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WAR The Cost of “The most significant aspect of our current strategic reality is that the Global War on Terror in which we are now engaged will be a protracted one.” - Army Posture Statement 2005, February 6, 2005 Donald Rumsfeld

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slide1

WAR

The Cost of

slide2

“The most significant aspect of our current strategic reality is that the Global War on Terror in which we are now engaged will be a protracted one.”

- Army Posture Statement 2005, February 6, 2005

slide3

Donald Rumsfeld

U.S. forces must maintain the capability, at the direction of the President, to impose the will of the United States and its coalition partners on any adversaries, including states or non-state entities.

Annual Report to the President and the Congress from the Secretary of Defense, 2002

slide4

First Strike OptionChange In Doctrine

The New Preemptive War Posture

NATIONAL SECURITY STRATEGY OF THE UNITED STATES, September 2002 formalized a policy that was already underway.

The new first strike doctrine adds “preemption” and “defensive intervention” to traditional containment and deterrence policies as formal options for striking at hostile nations or groups.

This new doctrine requires new military capabilities.

slide5

Capabilities BasedChange In Doctrine

“The best defense is offense”

During the Cold War, policy was designed to maintain a global “balance of power” and prevent the spread of Soviet Communism.

This doctrine has formally changed.

Transforming from the threat-based force of the Cold War to a capabilities based force postured to respond to a wide variety of threats.

Military requirements are now detached from assessments of actual security threats.

U.S. military strategy is now focused on exploiting technological capabilities to the fullest and expanding U.S. military reach to every corner of the globe.

Source: Nuclear Posture Review, 8 Jan. 2002

slide6

U.S. Worldwide PresenceChange In Organization

  • 5 Geographic Commands
  • NORTHCOM - U.S. North American Command
  • SOUTHCOM - U.S. South American Command
  • PACOM - U.S. Pacific Command
  • EUCOM - U.S. European Command
  • CENTCOM - U.S. Central Command
  • 4 Functional Commands
  • SOCOM - U.S. Special Operations Command
  • JFCOM - U.S. Joint Forces Command
  • STRATCOM - United States Strategic Command
  • TRANSCOM - U.S. Transportation Command
slide8

Forward Military Presence - New Bases

American forces have been in western Europe since WWII to support NATO. Those forces will now be spread out.

The United States is building 14 permanent bases in Iraq.

The Pentagon is repositioning the global force to put troops close to every hot spot or areathreatening the national interest.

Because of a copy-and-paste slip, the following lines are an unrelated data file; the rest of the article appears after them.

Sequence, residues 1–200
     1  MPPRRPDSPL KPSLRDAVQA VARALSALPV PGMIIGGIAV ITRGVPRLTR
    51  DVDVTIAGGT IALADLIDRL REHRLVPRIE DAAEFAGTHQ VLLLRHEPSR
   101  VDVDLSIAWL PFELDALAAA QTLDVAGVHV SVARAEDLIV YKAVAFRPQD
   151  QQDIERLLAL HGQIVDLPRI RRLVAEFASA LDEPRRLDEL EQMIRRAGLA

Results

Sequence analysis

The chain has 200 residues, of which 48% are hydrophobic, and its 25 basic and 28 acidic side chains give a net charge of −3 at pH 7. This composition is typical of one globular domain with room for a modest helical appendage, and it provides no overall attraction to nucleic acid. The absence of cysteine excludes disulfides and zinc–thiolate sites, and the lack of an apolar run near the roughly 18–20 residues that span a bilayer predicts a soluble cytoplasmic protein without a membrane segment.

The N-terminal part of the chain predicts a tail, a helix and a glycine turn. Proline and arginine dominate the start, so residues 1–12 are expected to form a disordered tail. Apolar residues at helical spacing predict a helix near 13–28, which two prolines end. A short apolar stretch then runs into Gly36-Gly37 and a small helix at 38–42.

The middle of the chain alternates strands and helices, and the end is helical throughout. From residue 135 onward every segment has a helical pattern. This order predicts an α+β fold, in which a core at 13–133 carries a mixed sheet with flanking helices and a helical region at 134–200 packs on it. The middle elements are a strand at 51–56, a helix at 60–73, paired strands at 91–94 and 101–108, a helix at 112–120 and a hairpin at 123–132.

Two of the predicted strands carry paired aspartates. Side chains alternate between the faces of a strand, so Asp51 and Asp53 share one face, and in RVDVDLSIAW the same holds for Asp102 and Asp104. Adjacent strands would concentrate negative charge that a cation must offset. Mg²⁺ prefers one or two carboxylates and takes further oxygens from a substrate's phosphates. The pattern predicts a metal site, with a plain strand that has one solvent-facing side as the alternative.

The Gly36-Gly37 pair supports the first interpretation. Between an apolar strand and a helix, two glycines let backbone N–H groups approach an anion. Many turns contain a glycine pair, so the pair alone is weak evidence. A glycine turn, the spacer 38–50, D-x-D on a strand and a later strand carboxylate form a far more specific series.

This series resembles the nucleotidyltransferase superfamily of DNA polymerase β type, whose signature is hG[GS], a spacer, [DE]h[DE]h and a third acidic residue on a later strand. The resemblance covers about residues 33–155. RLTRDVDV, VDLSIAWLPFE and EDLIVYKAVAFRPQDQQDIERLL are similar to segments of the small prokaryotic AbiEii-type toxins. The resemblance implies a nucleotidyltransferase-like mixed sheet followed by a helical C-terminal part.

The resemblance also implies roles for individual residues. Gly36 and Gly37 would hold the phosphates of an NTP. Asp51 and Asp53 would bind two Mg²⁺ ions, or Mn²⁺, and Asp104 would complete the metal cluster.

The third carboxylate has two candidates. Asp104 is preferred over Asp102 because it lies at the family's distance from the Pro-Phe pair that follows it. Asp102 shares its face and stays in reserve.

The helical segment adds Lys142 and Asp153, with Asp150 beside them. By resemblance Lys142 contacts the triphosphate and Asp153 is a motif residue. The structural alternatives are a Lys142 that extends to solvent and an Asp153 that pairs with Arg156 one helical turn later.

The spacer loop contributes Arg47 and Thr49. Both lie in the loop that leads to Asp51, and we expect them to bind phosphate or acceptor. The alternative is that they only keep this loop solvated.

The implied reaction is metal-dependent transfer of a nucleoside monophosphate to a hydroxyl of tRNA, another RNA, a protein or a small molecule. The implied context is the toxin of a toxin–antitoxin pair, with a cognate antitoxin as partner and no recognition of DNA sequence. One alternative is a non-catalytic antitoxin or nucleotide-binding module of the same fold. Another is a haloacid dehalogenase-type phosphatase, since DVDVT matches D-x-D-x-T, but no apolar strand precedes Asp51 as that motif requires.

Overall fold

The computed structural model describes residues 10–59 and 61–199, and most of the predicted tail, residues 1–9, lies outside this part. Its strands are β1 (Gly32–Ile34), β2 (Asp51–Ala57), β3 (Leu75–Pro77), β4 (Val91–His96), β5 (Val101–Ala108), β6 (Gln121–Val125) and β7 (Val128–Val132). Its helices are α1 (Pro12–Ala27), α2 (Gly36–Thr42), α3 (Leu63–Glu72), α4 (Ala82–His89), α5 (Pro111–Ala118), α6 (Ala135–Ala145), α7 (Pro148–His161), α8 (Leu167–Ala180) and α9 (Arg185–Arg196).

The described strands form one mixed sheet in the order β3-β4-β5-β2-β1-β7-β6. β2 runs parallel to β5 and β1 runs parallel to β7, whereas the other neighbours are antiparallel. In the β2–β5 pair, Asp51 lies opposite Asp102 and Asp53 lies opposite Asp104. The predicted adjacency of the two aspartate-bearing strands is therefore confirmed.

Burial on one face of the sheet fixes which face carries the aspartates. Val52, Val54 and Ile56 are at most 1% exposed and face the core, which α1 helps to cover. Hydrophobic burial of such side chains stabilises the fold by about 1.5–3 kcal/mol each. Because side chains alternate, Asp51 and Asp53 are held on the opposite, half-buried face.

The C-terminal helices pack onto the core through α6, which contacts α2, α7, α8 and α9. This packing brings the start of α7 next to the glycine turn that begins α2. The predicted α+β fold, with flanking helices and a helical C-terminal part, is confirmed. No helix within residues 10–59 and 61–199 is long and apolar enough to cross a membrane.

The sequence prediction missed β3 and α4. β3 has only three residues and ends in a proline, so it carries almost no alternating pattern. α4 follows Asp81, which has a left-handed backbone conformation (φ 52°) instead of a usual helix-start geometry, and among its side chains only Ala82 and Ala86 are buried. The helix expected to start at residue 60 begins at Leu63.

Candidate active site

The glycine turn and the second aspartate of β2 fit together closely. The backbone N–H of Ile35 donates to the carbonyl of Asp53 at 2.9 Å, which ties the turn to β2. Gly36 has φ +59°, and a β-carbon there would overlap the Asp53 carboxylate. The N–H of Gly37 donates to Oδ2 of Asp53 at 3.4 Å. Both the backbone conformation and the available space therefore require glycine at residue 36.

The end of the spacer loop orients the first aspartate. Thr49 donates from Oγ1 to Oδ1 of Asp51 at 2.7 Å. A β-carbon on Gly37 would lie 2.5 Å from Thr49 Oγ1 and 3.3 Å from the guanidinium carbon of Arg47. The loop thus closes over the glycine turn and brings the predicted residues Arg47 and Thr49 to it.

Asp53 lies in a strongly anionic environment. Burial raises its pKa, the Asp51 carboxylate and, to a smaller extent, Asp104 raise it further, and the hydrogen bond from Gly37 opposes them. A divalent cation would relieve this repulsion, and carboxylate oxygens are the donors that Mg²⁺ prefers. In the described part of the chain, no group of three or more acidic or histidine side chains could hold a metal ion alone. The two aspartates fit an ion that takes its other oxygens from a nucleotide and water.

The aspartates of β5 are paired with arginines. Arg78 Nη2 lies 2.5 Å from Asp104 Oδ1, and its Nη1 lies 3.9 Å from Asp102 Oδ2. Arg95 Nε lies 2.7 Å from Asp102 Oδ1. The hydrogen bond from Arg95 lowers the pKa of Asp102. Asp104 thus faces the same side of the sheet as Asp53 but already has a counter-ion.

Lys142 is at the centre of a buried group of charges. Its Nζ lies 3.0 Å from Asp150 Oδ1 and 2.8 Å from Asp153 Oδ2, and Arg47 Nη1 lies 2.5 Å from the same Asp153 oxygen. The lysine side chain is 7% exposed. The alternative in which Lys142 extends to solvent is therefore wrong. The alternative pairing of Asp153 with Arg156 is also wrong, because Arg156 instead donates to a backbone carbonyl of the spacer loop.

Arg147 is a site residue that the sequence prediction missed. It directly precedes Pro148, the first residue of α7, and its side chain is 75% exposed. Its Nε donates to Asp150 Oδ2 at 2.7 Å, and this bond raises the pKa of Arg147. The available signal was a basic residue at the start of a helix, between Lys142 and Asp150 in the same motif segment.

Turkey, Bosnia, Kosovo, Morocco, Bulgaria, Romania, Poland, Pakistan, India, Uzbekistan, Kazakhstan, Turkmenistan, Australia, Singapore, Malaysia, the Philippines, Vietnam, Tunisia, Algeria, Senegal, Ghana, Maki and Sierra Leone.

Possible new U.S. overseas bases

Source: American Forces Press Services, March 8, 2005

slide9

U.S. Central Command Covers the area from the Horn of Africa through the Persian Gulf, into Central Asia.

That includes Iraq, Afghanistan, Iran, and the Caspian Sea area.

slide10

OIL & GAS

OIL & GAS

OIL & GAS

OIL & GAS

Potential New U.S. Bases

Threatening the national interest ...

slide11

A Growing Need

Since 2001, the U.S. military has deployed more than 1 million

troops for the wars in Iraq and Afghanistan.

Ready troop strength is stretched thin by the wars in Iraq and Afghanistan

341,000, or nearly one third, have served 2 or more overseas tours.

Source: Ann Scott Tyson, Washington Post, Feb. 3, 2005

slide12

A permanently larger Army ...

Paul D. Wolfowitz, as Deputy Defense Secretary warned of “a very difficult road ahead” in Iraq.

Testimony before the Senate Armed Services Committee February 3, 2005.

The increase in troops for Iraq has been paid for primarily through supplemental appropriations.

In early 2005 a decision was made to make the 3-year temporary troop increase permanent starting FY 2007.

Source: US TO PULL 15,000 TROOPS OUT OF IRAQ, Washington Post, February 4, 2005

slide13

… on a permanently enlarged battlefield

Proposed New U.S. Bases

Proposed Future GWOT Bases

Major Overseas Cold War Bases

Iraq & Afghanistan

slide14

Major U.S. Oil Imports & Expanding Natural Gas Development

Eastern Europe and FSU has 36.3% of the worlds natural gas and potentially enough oil to add 10% to the reserves

U.S. Oil/Gas Imports

Expanding Gas Production

The Middle East has 66.3% of the worlds oil reserves and 36.3% of the natural gas

Major Gas Reserves

Source: Oil & Gas Journal, 2001

slide15

94% of the world’s oil was state-owned before the Iraqi invasion.Nation-states grant concessions to foreign companies for exploration and extraction.

Oil & Gas Production and New Bases

U.S. Oil/Gas Imports

Future Gas Production

Proposed Future GWOT Bases

Major Overseas Cold War Bases

Iraq & Afghanistan

Major Gas Reserves

slide17

Cost of War

Combat Deaths

slide18

Killed In Iraq

U.S. Military : over 1,540

Coalition Forces: over 175

Iraqi Soldiers and Insurgents: 24,000

Civilian Contractors : over 200

Journalists, UN & Aid Workers:over 60

Iraqi Civilians: from 16,000 to 100,000

April 2005

slide19

Fallen U.S. Soldiers

Lance Corporal Jose Gutierrez U.S. Marine Corps

Died March 21, 2003 in combat

Age: 22

Hometown: Los Angeles

Among the First to Die

slide20

Deaths Under Age 25

Who Is Dying?

= 50.4%

80% of U.S. military deaths come from the Regular Active Duty forces. 20% are from Reserve or National Guard units.

Air Force

Navy

Army

Marines

Source: Defense Manpower Data Center, Statistical Information Analysis Division

slide21

Cause of Death - Hostile

Operation Iraqi Freedom Two Years of War

Hostile Fire

IED

Source: Department of Defense Casualty Statistics